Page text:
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CNN asked terrible climate questions at the debate. Here's a better one.

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CNN doesn't take climate change seriously, so it's no surprise that last night's Democratic debate featured a tepid discussion of the issue. A young woman asked the candidates how they'd handle global warming. Anderson Cooper interrupted to talk more about Jim Webb (why?). He called on Bernie Sanders to prove he was "tougher" on climate than Hillary Clinton. Then Clinton talked about hunting Chinese delegates at Copenhagen.

It was a brief — and unenlightening — exchange.

Anyway, here's a suggestion. There are piles of things you could ask the candidates about climate change, energy, environmental policy. But one question that moderators should really consider asking is how these would-be presidents plan to wield the vast executive authority over carbon dioxide emissions that has been built up under the Obama administration.

This goes for both Democrats and Republicans. Whoever becomes president next will have huge influence over climate policy via the Environmental Protection Agency. Unlike many areas of policy, they won't need Congress's approval to act here. Yet none of the candidates have really elaborated on how they'd use this authority.

The EPA now has huge sway over climate policy

I wrote about the details here, but the short version is the EPA now regulates CO2 and methane from cars, trucks, power plants, and oil and gas operations — all with the goal of cutting greenhouse gas emissions to about 28 percent below 2005 levels by 2025. This is all done under the Clean Air Act, so the next president will have a lot of leeway to expand or weaken these regulations. Given the deadlock in Congress, this is where most action on US climate policy may well take place in the next five years.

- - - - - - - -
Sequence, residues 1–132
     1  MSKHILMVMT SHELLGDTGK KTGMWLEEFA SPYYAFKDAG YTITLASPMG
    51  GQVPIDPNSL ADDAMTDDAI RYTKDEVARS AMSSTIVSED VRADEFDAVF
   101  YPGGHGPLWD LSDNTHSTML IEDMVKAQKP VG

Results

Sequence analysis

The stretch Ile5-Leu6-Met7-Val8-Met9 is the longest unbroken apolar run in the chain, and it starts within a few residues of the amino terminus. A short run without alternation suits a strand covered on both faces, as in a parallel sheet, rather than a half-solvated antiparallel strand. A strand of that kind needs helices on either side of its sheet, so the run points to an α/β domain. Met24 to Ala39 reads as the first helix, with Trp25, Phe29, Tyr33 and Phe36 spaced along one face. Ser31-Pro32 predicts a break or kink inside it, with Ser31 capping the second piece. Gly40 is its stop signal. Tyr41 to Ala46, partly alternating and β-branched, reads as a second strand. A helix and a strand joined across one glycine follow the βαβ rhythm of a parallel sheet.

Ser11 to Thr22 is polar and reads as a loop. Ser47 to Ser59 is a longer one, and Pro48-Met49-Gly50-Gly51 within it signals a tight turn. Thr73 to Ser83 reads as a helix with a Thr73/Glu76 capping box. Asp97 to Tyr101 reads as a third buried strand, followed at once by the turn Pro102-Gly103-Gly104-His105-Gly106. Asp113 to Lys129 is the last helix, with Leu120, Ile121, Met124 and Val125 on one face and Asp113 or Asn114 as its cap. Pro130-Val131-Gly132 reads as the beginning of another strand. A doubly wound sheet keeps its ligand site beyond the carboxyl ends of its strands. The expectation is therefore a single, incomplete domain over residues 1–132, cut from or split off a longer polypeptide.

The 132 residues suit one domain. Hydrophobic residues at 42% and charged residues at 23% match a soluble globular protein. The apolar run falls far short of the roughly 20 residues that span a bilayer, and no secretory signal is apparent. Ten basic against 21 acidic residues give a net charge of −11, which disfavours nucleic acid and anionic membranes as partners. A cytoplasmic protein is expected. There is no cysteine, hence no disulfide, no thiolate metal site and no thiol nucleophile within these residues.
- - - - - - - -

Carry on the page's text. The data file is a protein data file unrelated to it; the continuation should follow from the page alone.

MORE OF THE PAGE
Ask Clinton or Sanders: Some analysts have pointed out that the United States can't hit its 2025 climate targets without expanding Obama's current carbon regulations. So would they extend EPA authority to crack down on emissions from refiners, or chemical plants, or cement plants, or airplanes, or other industries? (Martin O'Malley, for one, has said he'd do this.)

Ask Marco Rubio or Donald Trump. They don't seem to like Obama's climate policies. But would they work with Congress to repeal EPA's carbon authority? If that failed, would they still enforce the Clean Power Plan, which regulates CO2 from power plants? Or would they try to start all over with a completely different rule (which is a lot harder than it sounds)? Would they keep the fuel economy standards for cars and light trucks, or try to weaken them when they come up for midterm review in 2017?

Those aren't the only climate questions worth asking, obviously. You could go further and ask how the president would deal with coal leasing or fracking regulations or negotiations with China or grid neutrality. Go wild! But anyone who enters the White House in 2017 is going to have a ton of climate policy discretion via the EPA's Clean Air Act. It'd be nice to zero in on how they plan to use it.

Read more: How the next president could expand Obama's climate policies — or dismantle them